When real estate developer Dan Sanders (Brendan Fraser) tries to build a new housing subdivision in the pristine woods of Oregon, the critters who live there decide to take a stand and Sanders is in for a heaping serving of "Furry Vengeance."
Director Roger Kumble was responsible for one of the worst films I've reviewed in the past couple of decades, "The Sweetest Thing," but he has outdone himself here. The only reason "Furry Vengeance" doesn't rate an 'F' is because some hard working animal trainer clearly got some interesting results. This godawful excuse for family entertainment could have delivered a good eco message to kids, but instead it contents itself with rolling its lead around in an upended porto-potty.
We learn what Dan is in for in a prologue in which his crass predecessor, Riggs, is targeted by a raccoon for tossing his lit cigar out his car's window. A bird of prey retrieves said object and the raccoon signals a weasel on a hilltop to set off a Rube Goldberg contraption which sends a bolder to intercept Riggs. He quits and in steps Dan, who has agreed to live in a rural model home for a year, transplanting his citified wife Tammy (Brooke Shields, looking like she's spent too much time in a tanning booth) and unappreciative teen Tyler (Matt Prokop).
The raccoon gets a report when Dan yells at a squirrel for eating his blueberries, but when the raccoon overhears Dan give his foreman Frank (Ricky Garcia) the OK to blast a beaver dam rather than overrun their budget by 50K, it's war. Dan is kept awake by a pecking crow, blasted by skunks, has his wardrobe stolen, is attacked by bees, has his SUV coon-jacked, etc. Tammy think his tales of animal torture are lunacy and his boss, Neal Lyman (Ken Jeong, "The Hangover"), isn't amused by his antics either. Meanwhile Tyler's met a local girl, Amber (Skyler Samuels, 2009's "The Stepfather"), who hates what his dad stands for and Tammy is aghast at what Dan's boss's sponsorship is turning her Forest Festival into.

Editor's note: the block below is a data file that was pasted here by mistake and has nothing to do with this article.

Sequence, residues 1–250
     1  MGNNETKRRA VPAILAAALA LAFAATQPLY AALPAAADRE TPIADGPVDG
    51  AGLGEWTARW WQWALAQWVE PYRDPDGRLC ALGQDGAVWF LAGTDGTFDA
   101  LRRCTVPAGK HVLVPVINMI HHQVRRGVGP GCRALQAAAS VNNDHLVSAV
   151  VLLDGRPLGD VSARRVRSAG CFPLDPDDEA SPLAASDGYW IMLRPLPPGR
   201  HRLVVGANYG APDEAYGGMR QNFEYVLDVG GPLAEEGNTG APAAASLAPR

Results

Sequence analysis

About the only thing of value in "Furry Vengeance" is the warning to check under the hood of so-called 'green' corporations as many of them are anything but. Still, the film, written by Michael Carnes & Josh Gilbert ("Mr. Woodcock"), is just a series of puerile visual gags punctuated by obvious eco preaching and painful left field attempts at humor (every appearance by Toby Huss (TV's "Reno 911!") as Wilson, Lyman's security guy). Alice Drummond ("Doubt") inhabits the dubious character Mrs. Martin, a schoolteaching colleague of Tammy's, playing Alzheimer's for laughs.
Brendan Fraser, who I hope put on weight for this role, has reduced himself to a pudgy human cartoon. While he's done that before, without the gut, in "George of the Jungle" and "Dudley Do-Right," to good effect, here it's just painful to watch, in service of poor material. Ken Jeong is squandering the good will he built up with his hilarious role in "The Hangover" by accepting everything, no matter how low rent, that's tossed his way. Here he uses some Asiatic screeching and a scowl as funny, although notably the character talks to his mother on the phone in English(!). "The Office's" Angela Kinsey is stranded as his assistant Felder.
There is some interesting work by the animals, who are given chittering effects 'voices' and have their faces occasionally tweaked with CGI (usually just widening of the eyes).
The filmmakers don't even offer relief by ending their movie, as the closing credits are accompanied by a music video for an "Insane in the Membrane" cover in which Furry TV treats us to Brendan and Brooke recreating a Robert Palmer video, a clip from "Risky Business" and a "Blue Lagoon" parody, none of which have anything to do with anything.
Robin did not see this film.
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